Clipboard: Raising the Bar


Lately, the road to attaining mechanic status in British Columbia has become about as easy to navigate as Fraser Pass in a blizzard. In December, the province announced it will require heavy-duty mechanics who work on mixed-vehicle fleets to attain journeyman status as automotive service technicians in addition to their current trade requirements. Any certified heavy-duty mechanic or commercial transport mechanic who was employed in a mixed fleet in March of this year will have until the end of August 2001 to comply, according to the B.C. Industry Training and Apprenticeship Commission. A mixed fleet is defined as six or more vehicles owned or leased by the same employer, where at least one of the vehicles is a car or light truck. It’s a safety issue, said ITAC CEO Kerry Jothen. He said the two-and-a-half-year phase-in for people already employed in the industry “balances the needs of both workers and fleet operators, so that no one is facing unnecessary pressure. At the same time, it requires an immediate commitment from all concerned to meet the new requirements.” Copies of the bylaw governing mixed fleets are available at any ITAC or Workers’ Compensation Board office in B.C., by contacting the ITAC office listed in the blue pages of the phone book, or by writing to ITAC at #220-4946 Canada Way, Burnaby, BC V5G 4J6.

Meanwhile, Ontario Transport Minister Tony Clement said the province will start making good on its promise to raise commercial driver’s licence standards in 1999. Clement said that a tougher written test has been developed and that a revamped, more demanding road test will follow. He added that some form of graduated licensing for truck drivers, most likely a system of endorsements to the Class A licence, will be pursued in legislation this spring (see related story, page 42). “Part of the graduated system for truckers that has been proposed is that there be different levels of licensing depending on whether the cargo is dangerous or not and on the weight and the length of the truck,” Clement said.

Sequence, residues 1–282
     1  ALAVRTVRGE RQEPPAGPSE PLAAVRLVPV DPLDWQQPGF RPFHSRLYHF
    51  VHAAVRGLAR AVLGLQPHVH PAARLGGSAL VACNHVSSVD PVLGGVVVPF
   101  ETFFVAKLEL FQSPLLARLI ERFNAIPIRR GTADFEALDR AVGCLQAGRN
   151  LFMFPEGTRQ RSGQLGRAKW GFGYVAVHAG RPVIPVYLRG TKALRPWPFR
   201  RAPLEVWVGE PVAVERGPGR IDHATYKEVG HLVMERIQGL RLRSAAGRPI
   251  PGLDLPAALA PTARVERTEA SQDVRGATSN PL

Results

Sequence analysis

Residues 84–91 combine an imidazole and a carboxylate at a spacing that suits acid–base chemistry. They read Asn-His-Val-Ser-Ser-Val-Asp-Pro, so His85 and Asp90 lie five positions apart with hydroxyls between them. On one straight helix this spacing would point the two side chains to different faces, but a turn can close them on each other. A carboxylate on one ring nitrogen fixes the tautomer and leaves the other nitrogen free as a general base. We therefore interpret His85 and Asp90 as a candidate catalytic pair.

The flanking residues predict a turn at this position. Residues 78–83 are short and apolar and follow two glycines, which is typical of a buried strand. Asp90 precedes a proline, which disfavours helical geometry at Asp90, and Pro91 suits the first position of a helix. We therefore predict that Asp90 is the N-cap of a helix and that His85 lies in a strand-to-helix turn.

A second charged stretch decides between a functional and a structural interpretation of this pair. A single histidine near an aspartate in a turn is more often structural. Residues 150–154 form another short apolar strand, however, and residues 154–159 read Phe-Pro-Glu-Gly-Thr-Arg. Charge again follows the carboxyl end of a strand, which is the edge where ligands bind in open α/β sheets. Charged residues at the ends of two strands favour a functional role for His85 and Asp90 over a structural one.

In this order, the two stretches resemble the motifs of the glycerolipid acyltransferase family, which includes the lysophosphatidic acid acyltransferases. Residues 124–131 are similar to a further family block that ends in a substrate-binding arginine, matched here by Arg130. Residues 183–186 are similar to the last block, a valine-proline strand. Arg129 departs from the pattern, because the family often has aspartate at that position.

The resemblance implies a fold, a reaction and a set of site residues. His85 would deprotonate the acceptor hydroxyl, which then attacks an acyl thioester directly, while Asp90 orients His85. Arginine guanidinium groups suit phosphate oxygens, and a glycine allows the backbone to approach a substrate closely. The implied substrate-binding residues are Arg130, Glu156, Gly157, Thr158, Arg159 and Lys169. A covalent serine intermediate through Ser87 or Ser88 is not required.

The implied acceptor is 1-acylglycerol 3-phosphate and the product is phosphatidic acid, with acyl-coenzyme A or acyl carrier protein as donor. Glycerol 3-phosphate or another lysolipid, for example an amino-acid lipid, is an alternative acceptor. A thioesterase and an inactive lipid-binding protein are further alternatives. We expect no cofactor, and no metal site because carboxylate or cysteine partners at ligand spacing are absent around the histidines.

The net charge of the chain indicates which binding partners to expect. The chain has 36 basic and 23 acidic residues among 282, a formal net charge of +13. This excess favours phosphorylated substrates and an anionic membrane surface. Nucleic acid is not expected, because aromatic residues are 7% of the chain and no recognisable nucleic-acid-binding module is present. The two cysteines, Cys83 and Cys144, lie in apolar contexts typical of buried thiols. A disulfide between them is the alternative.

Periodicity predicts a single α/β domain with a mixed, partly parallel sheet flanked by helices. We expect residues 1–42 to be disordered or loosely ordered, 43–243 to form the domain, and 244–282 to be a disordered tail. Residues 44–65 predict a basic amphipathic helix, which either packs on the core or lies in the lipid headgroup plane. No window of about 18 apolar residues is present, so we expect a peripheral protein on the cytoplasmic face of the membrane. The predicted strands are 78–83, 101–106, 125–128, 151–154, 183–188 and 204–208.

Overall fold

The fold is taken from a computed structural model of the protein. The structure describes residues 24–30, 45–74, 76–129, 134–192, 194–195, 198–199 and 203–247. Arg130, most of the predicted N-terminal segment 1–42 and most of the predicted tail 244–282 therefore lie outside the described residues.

More stringent licensing requirements are the simplest and most effective way to raise the level of minimum training some schools provide, according to Kim Richardson, president of the Truck Training Schools Association of Ontario and owner of Kim Richardson Transportation Specialists in Caledonia, Ont. Richardson said a tougher test would at the very least put market pressure on so-called licensing mills, which provide only enough training to help a driver pass the provincial exam. “If [the province] can increase the minimum proficiency to pass the test, the bad apples won’t have a market anymore and they’ll go out of business, or at least they’ll have to raise the level of instruction they provide,” Richardson said.

Have your say

This is a moderated forum. Comments will no longer be published unless they are accompanied by a first and last name and a verifiable email address. (Today's Trucking will not publish or share the email address.) Profane language and content deemed to be libelous, racist, or threatening in nature will not be published under any circumstances.